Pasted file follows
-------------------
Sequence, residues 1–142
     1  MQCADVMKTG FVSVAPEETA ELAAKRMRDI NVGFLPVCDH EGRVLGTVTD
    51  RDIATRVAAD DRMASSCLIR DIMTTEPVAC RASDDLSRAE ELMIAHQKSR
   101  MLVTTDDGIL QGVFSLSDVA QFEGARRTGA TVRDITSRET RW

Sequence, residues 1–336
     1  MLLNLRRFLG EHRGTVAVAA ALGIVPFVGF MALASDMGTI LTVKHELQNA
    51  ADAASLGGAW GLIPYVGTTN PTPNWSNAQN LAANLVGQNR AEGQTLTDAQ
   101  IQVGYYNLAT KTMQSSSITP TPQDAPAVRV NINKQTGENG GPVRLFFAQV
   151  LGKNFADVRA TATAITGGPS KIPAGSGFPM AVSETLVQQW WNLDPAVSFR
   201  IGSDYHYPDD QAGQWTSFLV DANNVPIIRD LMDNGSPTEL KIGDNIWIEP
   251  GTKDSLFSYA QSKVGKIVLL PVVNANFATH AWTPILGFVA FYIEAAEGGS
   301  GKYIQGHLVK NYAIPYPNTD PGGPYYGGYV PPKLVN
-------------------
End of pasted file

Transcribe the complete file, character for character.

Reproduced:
Sequence, residues 1–142
     1  MQCADVMKTG FVSVAPEETA ELAAKRMRDI NVGFLPVCDH EGRVLGTVTD
    51  RDIATRVAAD DRMASSCLIR DIMTTEPVAC RASDDLSRAE ELMIAHQKSR
   101  MLVTTDDGIL QGVFSLSDVA QFEGARRTGA TVRDITSRET RW

Sequence, residues 1–336
     1  MLLNLRRFLG EHRGTVAVAA ALGIVPFVGF MALASDMGTI LTVKHELQNA
    51  ADAASLGGAW GLIPYVGTTN PTPNWSNAQN LAANLVGQNR AEGQTLTDAQ
   101  IQVGYYNLAT KTMQSSSITP TPQDAPAVRV NINKQTGENG GPVRLFFAQV
   151  LGKNFADVRA TATAITGGPS KIPAGSGFPM AVSETLVQQW WNLDPAVSFR
   201  IGSDYHYPDD QAGQWTSFLV DANNVPIIRD LMDNGSPTEL KIGDNIWIEP
   251  GTKDSLFSYA QSKVGKIVLL PVVNANFATH AWTPILGFVA FYIEAAEGGS
   301  GKYIQGHLVK NYAIPYPNTD PGGPYYGGYV PPKLVN